July 30, 2008

Looking for Change in All the Wrong Places

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As my friend and I pulled up to the Bonnaroo security checkpoint, I heard a whistle and was confronted by a guy in a neon concert shirt apologetically telling me that my “number had come up.” Evidently, I had won a chance to have my car searched, not by concert security, but by Tennessee’s finest. By entering the festival grounds, I had consented to the agenda of sunburned cops with nothing better to do than to harass music enthusiasts. I didn’t receive one of the 124 citations the police handed out throughout the weekend; I just got manhandled a little bit before I went to see Stephen Marley.
Reminding myself just how subversive humor can be, I laughed it off and continued forward toward the festival (a Bakhtinian carnival), conscious of entering a collectivity that simultaneously offers an interruption of everyday life and a release valve for repressed desire. Bonnaroo, like all festivals, is a controlled release of pressure, providing just enough relief to convince its attendees to return to wage labor on Monday rather than to end wage labor forever. Nevertheless, I was hopeful for a change of pace even though I knew that change, the buzzword of the weekend, now makes most people think of Obama instead of each other.
The perversion of the word change so that it is now synonymous with stasis was most aptly demonstrated at Bonnaroo by the naïve statements of Pearl Jam’s star social democrat, Eddie Vedder. With the concert line-up including revolutionary groups like The Coup, M.I.A., Israel Vibration and Talib Kweli, I got excited when Vedder said, “It is proven that this many people can change the world.” Instantly, I thought permanent, international revolution; I thought real structural change. Vedder continued: “It is welded into the Constitution that people not only have the right but the responsibility to make change.” With that single phrase, Vedder demonstrated the sly way in which bourgeois liberals sound as though they are advocating change (so long as you play by the rules — their rules).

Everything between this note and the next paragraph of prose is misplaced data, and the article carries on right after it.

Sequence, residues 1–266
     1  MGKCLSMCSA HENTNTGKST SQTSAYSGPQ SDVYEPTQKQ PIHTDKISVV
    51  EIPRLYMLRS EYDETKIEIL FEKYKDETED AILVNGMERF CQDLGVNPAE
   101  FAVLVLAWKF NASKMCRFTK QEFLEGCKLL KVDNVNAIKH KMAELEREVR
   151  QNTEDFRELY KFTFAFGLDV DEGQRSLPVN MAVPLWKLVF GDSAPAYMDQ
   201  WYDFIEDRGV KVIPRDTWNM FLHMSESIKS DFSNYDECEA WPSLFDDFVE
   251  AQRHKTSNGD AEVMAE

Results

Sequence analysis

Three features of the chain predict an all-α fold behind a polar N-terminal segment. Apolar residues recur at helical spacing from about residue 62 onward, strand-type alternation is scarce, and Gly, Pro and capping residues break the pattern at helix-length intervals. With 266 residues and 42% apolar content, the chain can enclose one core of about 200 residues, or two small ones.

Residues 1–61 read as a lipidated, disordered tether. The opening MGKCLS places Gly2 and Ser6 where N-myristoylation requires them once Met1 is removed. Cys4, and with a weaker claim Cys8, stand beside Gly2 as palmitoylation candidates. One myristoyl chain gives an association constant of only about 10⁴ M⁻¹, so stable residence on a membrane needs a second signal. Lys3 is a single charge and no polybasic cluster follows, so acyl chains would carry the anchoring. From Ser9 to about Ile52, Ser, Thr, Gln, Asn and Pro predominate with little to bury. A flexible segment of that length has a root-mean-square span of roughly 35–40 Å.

Here the social democrat retorts: “But the Constitution enables us to vote for our new leader, the man of change — Obama!” Instead of accepting this knee-jerk reaction, we might ask why, if we admit that change is needed, we are so quick to sublimate this desire into a fantasy projection onto a figurehead instead of actualizing our desire collectively.
As for Vedder’s remarks about the Constitution, Heraclitus was on to something when he said “all things are constituted from fire and resolve into fire.” Fire, therefore, is both negativity and transcendence — a move from the Constitution and toward a new constitution. In other words, to accomplish real change, some documents must be burned.
Talk of fire and festivals can only arouse memories of Woodstock ’99, a complex event that would require a book-length analysis rather than a paragraph. Although Woodstock ’99 veteran Metallica did win over a highly skeptical crowd at this year’s Bonnaroo, what’s more important is that another veteran of Woodstock ’99, Rage Against the Machine (RATM), will be headlining this year’s Lollapalooza. As the populist rhetoric of the Obama campaign surfaces everywhere, including in the speeches of a particularly bourgeois Bonnaroo headliner, RATM’s message becomes crucial. Real change comes from below, and frontman Zack de la Rocha won’t be afraid to convince those who need convincing. After all, “it has to start somewhere, it has to start sometime, what better place than here, what better time than now?”